Our young girls are bearing the burden of climate action. But should they be?
On the morning of Sept. 20, seven students walked out of my son’s eighth grade class to attend the climate strike. He was the only male.
I met him in downtown Manhattan, and together we made our way to Foley Square to join the throng of climate protesters.
Right away, it was evident that this march, like many of the previous youth-led marches my son and I had attended together, was largely made up of diverse young women.
He and I had rallied together for the gun control march at Washington Square Park on the anniversary of the 1999 Columbine High School shooting. We got on a 5:00 am bus to Washington, DC to attend the March for Our Lives protest organized by the teens who survived the shooting at Marjory Stoneman Douglas High School in Parkland, Florida.
My son Emmett is a sensitive boy. He wants to physically be present for these marches but he’s too shy to chant or wave a sign. He insists he doesn’t want to lead, he just wants to be counted.
That’s okay, and he’s not alone. Because while there are boys and young men who attend and lead these rallies, I have found that the most energized, motivated, passionate, and strongest voices are coming from young women, often young women of color.
And rightfully so, since racial minority groups are more likely to be impacted by climate change, not least because their neighborhoods are often built in more vulnerable and compromised locations, where they are exposed to changing weather and dangerous environmental conditions.
Finding myself surrounded by so many diverse students at youth protests is especially inspiring for me. I often find myself to be the only woman of color at local political action meetings or when I attend volunteer events. I hoped that this meant things are changing.
Walking around the climate protests that day, I decided to take photographs of these girls protesting, so their participation could be documented and shared.
“This land is indigenous land,” one sign reminded me.
The next generations of activism has a chance to be shaped by these multiple viewpoints—but only if we are willing to listen to everyone’s voice.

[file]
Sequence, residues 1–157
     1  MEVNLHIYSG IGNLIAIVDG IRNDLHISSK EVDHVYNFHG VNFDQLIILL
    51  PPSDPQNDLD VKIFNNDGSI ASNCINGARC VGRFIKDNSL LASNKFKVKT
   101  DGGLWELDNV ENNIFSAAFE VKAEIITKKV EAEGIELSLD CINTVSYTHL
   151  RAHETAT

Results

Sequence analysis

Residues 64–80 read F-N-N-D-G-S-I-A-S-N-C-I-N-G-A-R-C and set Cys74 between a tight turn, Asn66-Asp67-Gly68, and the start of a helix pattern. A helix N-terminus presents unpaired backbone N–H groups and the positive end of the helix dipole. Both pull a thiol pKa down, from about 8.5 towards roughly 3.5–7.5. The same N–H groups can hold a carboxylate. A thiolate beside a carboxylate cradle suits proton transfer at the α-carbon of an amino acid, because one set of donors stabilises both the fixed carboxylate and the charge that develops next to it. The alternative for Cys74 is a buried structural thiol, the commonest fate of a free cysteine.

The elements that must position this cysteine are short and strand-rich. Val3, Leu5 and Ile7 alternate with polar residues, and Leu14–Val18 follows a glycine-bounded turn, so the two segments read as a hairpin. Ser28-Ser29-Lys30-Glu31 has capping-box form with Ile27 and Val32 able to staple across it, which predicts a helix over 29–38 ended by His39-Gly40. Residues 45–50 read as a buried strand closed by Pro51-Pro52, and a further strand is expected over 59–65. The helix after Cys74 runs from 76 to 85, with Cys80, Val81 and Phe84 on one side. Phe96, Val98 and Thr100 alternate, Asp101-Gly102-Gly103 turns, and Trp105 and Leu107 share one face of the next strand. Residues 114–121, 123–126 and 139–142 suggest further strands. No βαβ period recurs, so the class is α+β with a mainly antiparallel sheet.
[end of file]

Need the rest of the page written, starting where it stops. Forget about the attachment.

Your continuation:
The word “protest” is inherently confrontational. But what I feel at these marches is solidarity. Everyone is there for a united purpose. When the crowds are as massive as they were that Friday, it’s reassuring to know that you are not alone in your fight. Every few steps, we encountered a different cluster of kids, some with coordinated signs and matching bandanas, some wearing their school uniforms.
I saw a large crowd gathered around to watch a Native American group as they performed a dance. Protest signs have become a vehicle for showcasing one’s individuality, one’s pain, a witty message, to display your anger for all to see, maybe to be photographed and posted to social media.
Some of the most devastating signs read like indictments:
“You’ll die of old age. Our children will die of climate change!”
“I can’t believe I’m marching for facts!”
“Don’t burn my future!”
“We’re all gonna die!”
Young children holding up misspelled signs written in their childish scrawl, pleading for change, will always undo me.
Who inherits the burden?
As proud and impressed as I am at the conviction of these young activists that brought so many of them down to City Hall that day, Greta Thunberg is right: These kids should be in school. They should not be out on the streets demanding that our governments and leaders believe scientific facts and put the environment over capital gains.
It’s a lot of responsibility we have placed on these young people. I am guiltily reminded of a conversation I had with a 12-year-old girl named Charlotte two years ago as part of my photographic series Twelve, which documents 12-year-old girls growing up in New York City. We were discussing the history-changing activism of the Parkland teens, and I asked if she felt she, too, could make a difference.
“What they are doing is incredible, but if I were to do that I’d need a bit more time because that takes a lot of courage and other emotions that may be too hard for someone younger to grasp right now,” Charlotte told me. “A 12-yearold girl in her school can’t do anything about things that grown men and women are trying to do and can’t succeed at. So, I definitely sometimes do feel really helpless.”